What are we suppose to do?

Yes, traffic is horrific and dangerous on Highway One. I avoid going north, but could not do so Friday and Saturday and I got to experience it once again. (I stayed in town Friday night.) One positive I noticed is that the work Cal Trans and State Parks did at Julia Pfeiffer Burns works! No more madness, craziness, and dangerousness. Now, traffic is funneled smoothly into the parking lot there at the State Park off highway. There is a lesson there.

But I did not want to address this issue today, instead, I would like to address an even more serious one. I just wrote two articles for Voices of Monterey Bay on this uniquely summer tourist issue, which permeates all the back country. The subject is illegal campfires. A neighbor asks, what are we supposed to do?

A neighbor sent me the following text Saturday night, which I got Sunday morning. I am going to forward it to all that I can think of, but I also wanted to post it here and on social media:

“Last nite there were 3 illegal campfires. I told all 3 parties it was illegal. The 1 near […] put theirs out. The 1 […] ignored me and the party on Chalk Peak told me to fuck off & get the hell out of here ! I called 911 on them which is a joke! They don’t know who to contact. What are we suppose to do?”

Good question. I will send it to everyone I can think of and see what they have to say. In the mean time, continue reporting matters like this, but be careful not to put yourself at risk.

14 thoughts on “What are we suppose to do?

  1. I think you if you tell the 911 operator to connect you to USFS Enforcement or State Parks that should help. I know there is a person standing by at parks on the line because I was passed to them on a call I made a couple of years ago. Maybe parks has a way to contact USFS.

  2. For those of you also wondering what you should do, Big Sur Fire says: “tell 911 to page out Big Sur Fire and we will get the page and get someone on it!!!Then tell them they were hostile and you want SO also!!! call back id they don’t come!!”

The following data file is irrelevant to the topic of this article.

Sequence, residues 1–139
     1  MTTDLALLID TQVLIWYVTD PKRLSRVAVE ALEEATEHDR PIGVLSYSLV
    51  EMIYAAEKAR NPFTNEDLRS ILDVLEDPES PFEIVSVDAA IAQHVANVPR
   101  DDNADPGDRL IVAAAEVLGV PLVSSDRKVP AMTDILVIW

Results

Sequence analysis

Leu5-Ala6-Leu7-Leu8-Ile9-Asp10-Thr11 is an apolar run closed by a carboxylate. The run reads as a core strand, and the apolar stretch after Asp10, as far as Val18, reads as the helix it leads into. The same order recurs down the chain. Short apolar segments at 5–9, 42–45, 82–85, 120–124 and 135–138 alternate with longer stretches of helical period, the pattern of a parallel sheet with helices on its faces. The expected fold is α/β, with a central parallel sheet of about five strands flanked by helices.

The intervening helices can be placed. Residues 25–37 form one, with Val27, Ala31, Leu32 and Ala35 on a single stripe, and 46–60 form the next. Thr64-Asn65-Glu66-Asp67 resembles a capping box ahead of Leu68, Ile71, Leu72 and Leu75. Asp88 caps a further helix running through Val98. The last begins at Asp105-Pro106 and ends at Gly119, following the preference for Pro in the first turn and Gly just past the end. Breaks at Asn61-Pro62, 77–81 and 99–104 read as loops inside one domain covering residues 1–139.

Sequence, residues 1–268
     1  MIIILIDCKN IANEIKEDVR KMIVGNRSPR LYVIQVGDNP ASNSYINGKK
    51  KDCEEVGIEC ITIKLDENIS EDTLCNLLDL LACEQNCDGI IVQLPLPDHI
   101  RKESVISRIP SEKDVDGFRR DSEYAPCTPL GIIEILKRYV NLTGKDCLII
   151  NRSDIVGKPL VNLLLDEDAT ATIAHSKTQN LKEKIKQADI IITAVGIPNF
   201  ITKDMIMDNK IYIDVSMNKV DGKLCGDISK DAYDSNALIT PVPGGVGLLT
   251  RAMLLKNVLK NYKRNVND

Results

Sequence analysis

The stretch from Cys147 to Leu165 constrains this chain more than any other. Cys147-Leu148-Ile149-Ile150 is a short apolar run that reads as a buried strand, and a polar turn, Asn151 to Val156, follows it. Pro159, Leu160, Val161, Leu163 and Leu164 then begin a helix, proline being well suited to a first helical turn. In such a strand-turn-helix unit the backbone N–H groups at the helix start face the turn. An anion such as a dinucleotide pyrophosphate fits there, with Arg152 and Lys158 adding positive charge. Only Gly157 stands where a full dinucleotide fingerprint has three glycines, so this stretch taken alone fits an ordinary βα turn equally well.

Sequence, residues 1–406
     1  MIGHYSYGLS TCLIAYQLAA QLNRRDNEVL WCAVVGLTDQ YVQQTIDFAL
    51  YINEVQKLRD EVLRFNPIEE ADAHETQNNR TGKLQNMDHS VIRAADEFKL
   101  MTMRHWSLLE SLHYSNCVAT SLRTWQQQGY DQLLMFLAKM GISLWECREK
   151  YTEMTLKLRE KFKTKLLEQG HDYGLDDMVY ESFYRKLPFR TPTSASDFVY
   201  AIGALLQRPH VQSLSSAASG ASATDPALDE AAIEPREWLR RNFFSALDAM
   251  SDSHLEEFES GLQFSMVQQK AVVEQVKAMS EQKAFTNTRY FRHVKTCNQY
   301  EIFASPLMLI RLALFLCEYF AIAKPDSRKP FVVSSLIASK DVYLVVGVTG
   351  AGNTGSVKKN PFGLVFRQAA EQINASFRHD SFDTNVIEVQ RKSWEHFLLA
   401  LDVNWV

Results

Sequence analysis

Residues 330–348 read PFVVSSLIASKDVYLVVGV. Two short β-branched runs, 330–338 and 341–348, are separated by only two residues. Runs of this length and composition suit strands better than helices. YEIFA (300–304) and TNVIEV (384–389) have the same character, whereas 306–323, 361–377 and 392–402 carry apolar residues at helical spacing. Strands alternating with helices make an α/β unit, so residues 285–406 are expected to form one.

3. Always carry a digital camera or phone with camera.
    Photograph them with the fire.
    Photograph their vehicle license plate.
    That is evidence.

  4. How is the signage out there right now? I know there are a lot of times that signage has either not be installed or has been removed illegally. A lot of times people aren’t even aware that they are breaking the law.

  5. If signs are unmistakeable – and they should be – then penalties need to be severe (increased by legislation if necessary). What seems like idiocy is often bloody-mindedness. Penalties should, of course, be posted too. I and sure there are examples of penalties Not working, but they where applied, can help pay for availability of relevant officials to administer and enforce. That’s my million-dollars-worth (hey…inflation, you know!?).

  6. Bryan, it is well posted in many places. Large signs, hard to miss. However, even if it were not, upon being informed, “Go to hell, and get the fuck out of here” is not the appropriate response.

  7. The fine is $5,000. Of course, if it starts a wildfire, then the costs are also the responsibility of the person who started it.

  8. The fire agency needs to be proactive, not just reactive, by patrolling, or at least responding to complaint calls about a campfire. Violators license plate numbers need to be reported to the sheriff. Unfortunately, there is no guarantee that any thing will be done. Anytime I have needed the sheriff where I live, they have done absolutely nothing.

  9. Unfortunately, the responsible fire agency is USFS, and last I heard, they don’t have enough personnel to staff an engine at Pacific Valley. (Have 3, need 5) It is partially due to money, which also contributes to the lack of housing for these people.

  10. Carry a switched-on walkie talkie on your belt? Put a BSFB (friends of) sticker on your car window? Look as official as possible? this is horrific. like you’re living in a war zone…city people off the deep end, no personal responsibility…

  11. Download a copy Forest Order 05-07-00-19-05 Fire Use Restrictions, make hard copies and give to each person you talk to about their campfire (if you feel comfortable doing so), it’s factual and not personal.

  12. I have done that, and recommended it to others. Sometimes it works. I suspect in the Chalk Peak case it would have been tossed on the fire.

  13. The lack of law enforcement personnel–USFS, SO–is chronic. There simply aren’t enough funds. I know Big Sur has one full-time deputy, and Los Padres NF has one LE officer (who may indeed be based out of the southern Los Padres?). It’s a huge problem that has no foreseeable solution.

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